The Barren Shall Rejoice: Battling Infertility With Jewish Rituals
Its been a while since I've added an entry. And recently it occurred to me that I have only addressed issues of infertility tangentially, through the themes of Sukkot, or the fabulous stories of the Patriarchs and Matriarchs. So here is something more on point:
Fertility and infertility is a major issue in any traditional culture, and Jewish culture is no different. In fact, infertility is a central theme in the book of Genesis, starting with the divine command to be "fruitful and multiple," right through the growing pathos arising from the contrast between God's promise to make Abraham a great nation and the constant struggles with infertility he and his family endured (Gen. 30:1).
Over the centuries, Jews, and especially Jewish women, developed a whole arsenal of folk cures, rituals, and devices to combat prolonged bouts of infertility (this is aside from wedding rituals encouraging fertility, aphrodisiacs and treatments for male impotence, things I explored in an earlier entry). These include -
- Mandrakes, which have a biblical warrant (Gen. 30:14-16). This root is incorporated into varied cures across the centuries.
- Consuming rubies was another popular treatment in medieval medical texts.1
- Visiting the grave of Rachel outside Bethlehem, to ask for the Matriarch's intervention. The burial places of other deceased worthies, such as Hasidic masters, are also sought out.
- Mizrachi (Asian) Jews would place a cup of water under the chair set out for Elijah at a circumcision ceremony (Brit Milah). Following the ceremony, barren women would drink this water in hope of aiding in pregnancy. A related practice would be to drink from a kiddush cup that had just been used at a Brit Milah. In Europe, women would meditate upon the knife used to perform a circumcision. All this was inspired by the hope that the fertility embodied in the newborn boy that permeated the ritual would prove contagious. 2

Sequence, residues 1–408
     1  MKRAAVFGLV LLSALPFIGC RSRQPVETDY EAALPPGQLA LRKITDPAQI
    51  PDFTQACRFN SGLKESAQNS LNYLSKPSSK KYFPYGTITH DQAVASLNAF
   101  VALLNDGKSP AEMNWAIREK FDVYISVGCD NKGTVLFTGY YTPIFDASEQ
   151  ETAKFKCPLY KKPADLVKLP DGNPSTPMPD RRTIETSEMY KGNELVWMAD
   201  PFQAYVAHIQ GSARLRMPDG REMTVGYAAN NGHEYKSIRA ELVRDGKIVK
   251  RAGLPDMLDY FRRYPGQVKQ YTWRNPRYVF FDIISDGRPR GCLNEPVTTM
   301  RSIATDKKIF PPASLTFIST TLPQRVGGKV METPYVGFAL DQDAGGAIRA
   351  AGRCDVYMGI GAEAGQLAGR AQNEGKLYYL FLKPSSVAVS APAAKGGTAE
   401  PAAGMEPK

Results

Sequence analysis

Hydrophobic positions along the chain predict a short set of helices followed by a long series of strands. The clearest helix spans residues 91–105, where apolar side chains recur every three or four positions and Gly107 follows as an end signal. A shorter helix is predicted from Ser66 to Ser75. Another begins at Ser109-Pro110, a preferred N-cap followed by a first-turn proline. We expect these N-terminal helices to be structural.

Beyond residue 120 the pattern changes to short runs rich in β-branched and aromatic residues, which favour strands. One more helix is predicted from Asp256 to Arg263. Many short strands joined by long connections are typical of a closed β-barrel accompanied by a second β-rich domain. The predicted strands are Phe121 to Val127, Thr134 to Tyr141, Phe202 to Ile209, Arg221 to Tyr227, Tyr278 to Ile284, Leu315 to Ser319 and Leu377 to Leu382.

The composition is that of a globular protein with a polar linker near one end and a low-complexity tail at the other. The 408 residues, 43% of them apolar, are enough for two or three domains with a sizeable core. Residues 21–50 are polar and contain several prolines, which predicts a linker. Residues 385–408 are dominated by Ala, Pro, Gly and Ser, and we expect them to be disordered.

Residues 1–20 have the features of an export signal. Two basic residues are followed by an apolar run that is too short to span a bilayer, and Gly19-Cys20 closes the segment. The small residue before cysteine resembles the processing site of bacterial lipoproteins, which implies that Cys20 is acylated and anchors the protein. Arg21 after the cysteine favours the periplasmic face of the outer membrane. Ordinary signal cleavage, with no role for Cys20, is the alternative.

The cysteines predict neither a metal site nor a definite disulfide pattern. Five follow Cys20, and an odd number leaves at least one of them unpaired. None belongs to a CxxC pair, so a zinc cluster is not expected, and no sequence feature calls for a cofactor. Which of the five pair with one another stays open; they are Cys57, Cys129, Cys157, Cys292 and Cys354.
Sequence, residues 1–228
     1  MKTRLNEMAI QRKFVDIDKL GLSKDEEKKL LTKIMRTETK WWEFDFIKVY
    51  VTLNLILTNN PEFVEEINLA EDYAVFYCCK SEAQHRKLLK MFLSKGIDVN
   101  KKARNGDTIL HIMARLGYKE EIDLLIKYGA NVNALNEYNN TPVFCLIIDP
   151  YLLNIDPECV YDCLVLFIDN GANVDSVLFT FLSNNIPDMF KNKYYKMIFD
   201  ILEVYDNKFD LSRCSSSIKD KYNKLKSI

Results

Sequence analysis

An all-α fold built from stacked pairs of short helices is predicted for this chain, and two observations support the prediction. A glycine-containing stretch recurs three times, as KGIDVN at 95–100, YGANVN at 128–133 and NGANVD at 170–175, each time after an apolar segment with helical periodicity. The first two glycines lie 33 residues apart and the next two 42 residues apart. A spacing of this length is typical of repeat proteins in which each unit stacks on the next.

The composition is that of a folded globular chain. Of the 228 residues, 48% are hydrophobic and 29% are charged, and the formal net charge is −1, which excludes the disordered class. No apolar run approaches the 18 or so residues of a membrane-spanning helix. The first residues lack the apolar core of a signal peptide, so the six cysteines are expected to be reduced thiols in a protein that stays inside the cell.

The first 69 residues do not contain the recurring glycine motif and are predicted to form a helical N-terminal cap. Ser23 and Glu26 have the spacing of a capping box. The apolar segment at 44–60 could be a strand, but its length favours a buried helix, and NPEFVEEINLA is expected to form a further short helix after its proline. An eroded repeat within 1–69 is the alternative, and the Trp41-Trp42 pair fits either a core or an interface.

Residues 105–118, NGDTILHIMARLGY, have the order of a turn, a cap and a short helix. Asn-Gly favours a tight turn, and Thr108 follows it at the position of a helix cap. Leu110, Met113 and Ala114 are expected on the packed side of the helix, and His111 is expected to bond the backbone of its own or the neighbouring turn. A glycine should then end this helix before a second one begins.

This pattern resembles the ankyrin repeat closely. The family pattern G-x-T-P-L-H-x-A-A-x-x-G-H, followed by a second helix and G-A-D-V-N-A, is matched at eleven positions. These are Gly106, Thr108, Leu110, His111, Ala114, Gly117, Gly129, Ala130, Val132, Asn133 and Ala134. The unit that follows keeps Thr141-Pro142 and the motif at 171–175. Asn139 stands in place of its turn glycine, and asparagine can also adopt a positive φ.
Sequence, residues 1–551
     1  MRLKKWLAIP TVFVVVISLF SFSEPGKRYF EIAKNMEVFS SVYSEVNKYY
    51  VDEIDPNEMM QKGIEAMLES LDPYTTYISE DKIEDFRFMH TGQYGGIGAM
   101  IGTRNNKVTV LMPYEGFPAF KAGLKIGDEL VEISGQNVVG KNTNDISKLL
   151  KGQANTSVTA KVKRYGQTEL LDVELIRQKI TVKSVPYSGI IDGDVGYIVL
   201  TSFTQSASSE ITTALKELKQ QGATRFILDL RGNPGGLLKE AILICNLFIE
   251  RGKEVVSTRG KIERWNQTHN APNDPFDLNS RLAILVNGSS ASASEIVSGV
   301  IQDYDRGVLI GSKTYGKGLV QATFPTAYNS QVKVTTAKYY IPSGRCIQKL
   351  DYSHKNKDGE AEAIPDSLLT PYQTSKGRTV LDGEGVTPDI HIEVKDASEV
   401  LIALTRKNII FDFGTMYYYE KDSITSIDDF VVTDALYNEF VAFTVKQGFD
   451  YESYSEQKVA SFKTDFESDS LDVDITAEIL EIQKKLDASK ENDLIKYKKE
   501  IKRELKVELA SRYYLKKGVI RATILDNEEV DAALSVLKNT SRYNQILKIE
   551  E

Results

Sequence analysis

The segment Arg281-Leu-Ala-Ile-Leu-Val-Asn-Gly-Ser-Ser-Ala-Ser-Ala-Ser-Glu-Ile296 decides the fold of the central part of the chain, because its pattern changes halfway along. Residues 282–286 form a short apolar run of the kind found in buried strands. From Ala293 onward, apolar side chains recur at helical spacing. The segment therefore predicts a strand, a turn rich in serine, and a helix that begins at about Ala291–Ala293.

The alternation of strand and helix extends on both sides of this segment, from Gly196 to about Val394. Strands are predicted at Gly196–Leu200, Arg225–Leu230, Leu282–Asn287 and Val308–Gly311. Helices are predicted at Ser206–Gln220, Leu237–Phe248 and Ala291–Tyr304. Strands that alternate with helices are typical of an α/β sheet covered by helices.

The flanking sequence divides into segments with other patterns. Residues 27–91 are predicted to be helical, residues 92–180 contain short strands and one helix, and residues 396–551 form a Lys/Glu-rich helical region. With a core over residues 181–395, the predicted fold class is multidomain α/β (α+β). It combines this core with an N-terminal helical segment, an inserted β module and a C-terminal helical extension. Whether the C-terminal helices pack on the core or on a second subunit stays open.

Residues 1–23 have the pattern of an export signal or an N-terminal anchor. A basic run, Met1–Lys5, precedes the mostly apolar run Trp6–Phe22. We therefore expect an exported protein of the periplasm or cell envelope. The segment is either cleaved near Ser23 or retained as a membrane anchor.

- The exact reverse of this association, and one probably adopted from surrounding gentile cultures, involved having a woman stand in close proximity to a corpse, or sprinkle themselves with the water used to purify a corpse (European gentile women would stand under a gallows or even a hanging criminal).
- Incantations and kamiyot (amulets) were common and widely circulated. Most amulets included verses from Scripture that promise to counter barrenness (Isaiah 30:19, for example, or Exodus 23:26).3
- Most startling is a practice forbidden by the rabbis, but nevertheless reported in several communities - infertile women consuming the foreskin tissue from a circumcision (perhaps not so weird if we think of the occasional modern practice of women eating the afterbirth, but still shocking). Not surprisingly, keeping the foreskin as a talisman was more common. 4
1. Klein, A Time to Be Born, 41.
2. Sperber, The Jewish Life Cycle, 16, 452.
3. Naveh and Shaked, magic Spells and Formulae, 160-161.
4. Patai, "Folk Customs and Charms Related to Childbirth" (Heb.), Talpiot 6. Fascination with foreskins in not unique to Judaism. Historian Frances Stonor Saunders reports that at one point, a relic of Jesus' foreskin could be petitioned in 18 different cathedrals of Europe. The monastic movement took that one better with the "cult of the holy foreskin," a belief that the foreskin of the savior was the wedding ring of every novice who took holy orders. One saint had a vision of Jesus circumcising himself before placing the ring of flesh on her finger.